One of my absolute favourite games is No Thanks, and I will mention it any chance I get as far as recommending games to people. So, I love a good push your luck game – and lo and behold, when a designer whose work I love designs one, I am doubly in love! Alexander Pfister seems to be just as at home with small card games as he is with heavier Euros, and I appreciate his style, his design features and choices that truly make a game hum.
I had tried and loved Oh My Goods shortly after it was released, which was the year after Port Royal, a reimplementation of Pfister’s own Händler der Karibik. Oh My Goods (originally Royal Goods) was an intriguing mix of shared (slight) push your luck and tableau building to create an engine for points – multiple use cards featuring prominently. It was like a Euro game made miniature, and I’ve been enamoured with it – and its expansions and companion game Tybor der Baumeister – since. Prior to 2017, Port Royal was only available via Europe through Pegasus Spiele, so I tried a friend’s copy, immediately interested in giving another small card Pfister game a whirl. Needless to say, I’m glad it’s gotten a wider release thanks to Steve Jackson Games.
Play of the game is deadly simple, and can be quite swift even with its maximum player count of 5 – a turn consists of flipping cards from the deck into the middle of the table, creating a “marketplace”. A player keeps flipping until they bust (two of the same flag of ship) or choose to stop, and take card(s) from the marketplace; once that’s done, each other player has the option to take a card from what’s left if they pay a fee of one coin to the active player – a great choice in gameplay that forces that choice of “I really want this thing, and it could advance me nicely, but do I really want to give this person money?”. Early in the game these choices are fairly straightforward – stopping to take down a ship will give you money (cards from the deck, face down to show the coins on their back), and if you choose to, you can spend money to hire a variety of characters in port. Characters hired will create your tableau and allow you certain bonuses and abilities going forward, helping build up an efficient machine to balance money and start to rack up points (first to 12 wins).
These abilities can be as simple as a bonus every time you trade with a certain country’s ship, or ruffians with swords to fight back ships, you can also set yourself up nicely to get bonus cash if someone busts or the marketplace has a decent number of cards. My favourite of all is the Governor, who allows you to procure two cards on your turn, which can really start to escalate your money gathering and the size of your tableau. There will also, every so often, be a “tax increase” card that pops up – if you’ve been hoarding coins, this can hit you hard – but also offers a bonus for people based on their points or the amount of swords wielded in their port. I like these as they can be a good way to keep players in check from zooming ahead and offer a little catch up for those struggling, but there’s not so many it skews the game wildly.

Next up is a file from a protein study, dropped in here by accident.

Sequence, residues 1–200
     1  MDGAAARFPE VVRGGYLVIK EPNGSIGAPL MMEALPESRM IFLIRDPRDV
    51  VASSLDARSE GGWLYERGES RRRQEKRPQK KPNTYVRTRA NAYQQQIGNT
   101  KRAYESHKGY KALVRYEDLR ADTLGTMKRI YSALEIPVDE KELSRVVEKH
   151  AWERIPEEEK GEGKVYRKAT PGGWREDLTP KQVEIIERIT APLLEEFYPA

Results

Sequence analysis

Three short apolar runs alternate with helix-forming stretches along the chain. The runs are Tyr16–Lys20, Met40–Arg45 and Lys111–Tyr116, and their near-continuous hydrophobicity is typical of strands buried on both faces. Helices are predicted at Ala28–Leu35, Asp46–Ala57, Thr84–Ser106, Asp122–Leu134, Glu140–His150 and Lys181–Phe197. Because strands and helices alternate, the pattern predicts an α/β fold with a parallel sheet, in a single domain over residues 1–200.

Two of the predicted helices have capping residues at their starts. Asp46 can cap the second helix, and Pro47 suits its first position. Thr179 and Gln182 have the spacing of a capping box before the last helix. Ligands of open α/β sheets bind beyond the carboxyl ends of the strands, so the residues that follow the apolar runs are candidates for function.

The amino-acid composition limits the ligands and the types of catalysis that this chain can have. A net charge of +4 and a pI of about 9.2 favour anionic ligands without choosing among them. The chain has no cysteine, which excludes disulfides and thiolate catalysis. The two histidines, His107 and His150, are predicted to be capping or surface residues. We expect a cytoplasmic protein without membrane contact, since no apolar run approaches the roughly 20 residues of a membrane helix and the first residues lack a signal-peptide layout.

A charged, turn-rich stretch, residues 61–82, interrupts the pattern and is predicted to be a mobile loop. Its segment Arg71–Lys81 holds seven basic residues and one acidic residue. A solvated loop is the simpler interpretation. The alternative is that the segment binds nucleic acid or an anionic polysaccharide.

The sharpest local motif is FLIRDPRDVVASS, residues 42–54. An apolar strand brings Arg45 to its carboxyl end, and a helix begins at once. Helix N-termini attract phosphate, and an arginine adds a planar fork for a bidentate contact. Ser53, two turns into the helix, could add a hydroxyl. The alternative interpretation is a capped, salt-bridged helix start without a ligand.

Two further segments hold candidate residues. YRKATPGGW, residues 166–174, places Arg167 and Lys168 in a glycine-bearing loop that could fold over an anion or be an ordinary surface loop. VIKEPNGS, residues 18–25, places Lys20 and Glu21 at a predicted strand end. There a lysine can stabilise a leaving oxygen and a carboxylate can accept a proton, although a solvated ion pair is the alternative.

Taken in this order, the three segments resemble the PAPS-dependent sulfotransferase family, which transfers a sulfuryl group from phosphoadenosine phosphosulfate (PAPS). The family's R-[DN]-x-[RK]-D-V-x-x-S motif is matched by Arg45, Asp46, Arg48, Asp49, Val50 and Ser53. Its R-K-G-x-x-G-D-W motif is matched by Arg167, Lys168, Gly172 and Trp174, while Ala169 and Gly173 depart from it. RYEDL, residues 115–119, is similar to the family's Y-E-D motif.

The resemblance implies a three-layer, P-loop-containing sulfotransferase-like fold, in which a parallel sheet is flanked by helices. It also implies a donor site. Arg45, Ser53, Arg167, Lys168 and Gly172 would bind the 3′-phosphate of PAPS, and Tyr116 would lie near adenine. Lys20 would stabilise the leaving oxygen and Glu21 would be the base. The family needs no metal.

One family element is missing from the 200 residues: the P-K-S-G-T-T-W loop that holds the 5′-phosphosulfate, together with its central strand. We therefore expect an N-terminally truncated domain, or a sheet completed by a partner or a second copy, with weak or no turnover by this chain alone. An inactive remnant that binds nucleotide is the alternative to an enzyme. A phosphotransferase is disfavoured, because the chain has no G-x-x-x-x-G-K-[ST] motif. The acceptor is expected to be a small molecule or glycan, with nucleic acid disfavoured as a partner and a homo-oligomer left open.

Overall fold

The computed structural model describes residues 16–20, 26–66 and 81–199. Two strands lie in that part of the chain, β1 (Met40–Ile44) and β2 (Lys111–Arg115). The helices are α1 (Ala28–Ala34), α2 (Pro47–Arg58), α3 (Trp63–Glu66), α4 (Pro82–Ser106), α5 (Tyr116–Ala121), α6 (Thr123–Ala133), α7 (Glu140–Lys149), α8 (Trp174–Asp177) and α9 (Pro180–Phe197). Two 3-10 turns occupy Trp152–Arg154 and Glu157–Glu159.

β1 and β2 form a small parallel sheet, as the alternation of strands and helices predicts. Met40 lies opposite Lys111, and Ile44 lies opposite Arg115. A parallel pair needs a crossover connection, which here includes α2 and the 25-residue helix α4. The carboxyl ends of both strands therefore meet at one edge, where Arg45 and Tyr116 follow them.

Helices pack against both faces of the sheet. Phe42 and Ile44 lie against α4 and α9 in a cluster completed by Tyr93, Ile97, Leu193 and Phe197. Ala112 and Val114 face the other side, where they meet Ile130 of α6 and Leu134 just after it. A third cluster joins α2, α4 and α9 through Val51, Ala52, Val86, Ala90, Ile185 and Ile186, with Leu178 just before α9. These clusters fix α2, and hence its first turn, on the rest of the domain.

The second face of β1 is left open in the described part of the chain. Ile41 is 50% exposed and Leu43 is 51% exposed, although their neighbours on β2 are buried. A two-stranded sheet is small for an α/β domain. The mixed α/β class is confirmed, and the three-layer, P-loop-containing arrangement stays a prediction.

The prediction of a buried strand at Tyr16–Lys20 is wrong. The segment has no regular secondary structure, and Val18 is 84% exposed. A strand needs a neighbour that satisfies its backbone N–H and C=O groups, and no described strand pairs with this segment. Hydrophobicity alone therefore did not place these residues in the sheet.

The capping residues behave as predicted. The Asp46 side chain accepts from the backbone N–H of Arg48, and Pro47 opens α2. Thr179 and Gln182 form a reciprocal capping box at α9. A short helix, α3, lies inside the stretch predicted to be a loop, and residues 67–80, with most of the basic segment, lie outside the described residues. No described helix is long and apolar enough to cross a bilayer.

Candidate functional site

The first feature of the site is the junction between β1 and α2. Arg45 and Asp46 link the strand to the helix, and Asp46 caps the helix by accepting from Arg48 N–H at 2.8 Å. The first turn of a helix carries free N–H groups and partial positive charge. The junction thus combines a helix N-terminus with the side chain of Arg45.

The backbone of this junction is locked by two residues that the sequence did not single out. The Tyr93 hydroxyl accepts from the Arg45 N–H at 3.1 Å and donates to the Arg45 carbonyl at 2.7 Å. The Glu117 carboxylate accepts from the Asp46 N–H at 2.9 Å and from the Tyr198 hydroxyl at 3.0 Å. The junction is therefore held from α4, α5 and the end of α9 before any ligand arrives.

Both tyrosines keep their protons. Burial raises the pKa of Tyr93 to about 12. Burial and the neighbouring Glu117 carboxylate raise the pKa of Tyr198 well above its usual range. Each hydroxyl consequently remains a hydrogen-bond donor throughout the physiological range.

While every card that’s added to your tableau has a point value that contributes to your score and can trigger game end, there’s also another part of the game that you can work towards to quickly bump up your point value – Mission cards. Mission cards will be available for all players to claim as they appear through card draws – by surrendering cards that show the required icons (some combination of log houses, crosses and/or anchors) on the Missions, you’ll gain a bonus of coins in addition to the points on the Mission card. These can take a little while to work towards, but can be just the leap in points you need to get near (or over!) 12 and win the game.
Steve Jackson Games made very few changes to the game, just some slight tinkering of the ship cards art – I’m not entirely sure why, as I was just fine with the types of ships as I am with ships from various countries – but it doesn’t change the gameplay at all. Perhaps just dates it more to a colonial time than before; the rest of the art has that regular old sort of Euro palette to it. But the same game is there, with push your luck, cards with (basic) multiple uses, and some quick and dirty tableau building with a fun escalation of points that keeps you on your toes and looking out for what other players are doing. It’s just the right kind of light engine building game with a dash of randomness and tactics to be a perfect chaser to a heavy Euro or a kick off at the start of game night.
I know in the European release of the game, expansions that add types of cards, a solo variant, and a campaign similar to Oh My Goods have been released, and sound terrific. While Steve Jackson Games currently have no plans to print any of these expansions, I hope they reconsider. While I love the game and have no troubles getting it to the table and enjoy introducing it to new players, I’d love some flexibility to keep replay fresh for me. And I’m intrigued by a solo game! Regardless, it’s a must-have for me now and lives in my Quiver card case pretty much full time. I expect it’ll be up there in my top played games for 2018 – if you see me at a convention, flag me down to sail the high seas!
Port Royal plays 2 – 5 players in 20 – 50 minutes. Now published by Steve Jackson Games, art by Klemens Franz and designed by Alexander Pfister.
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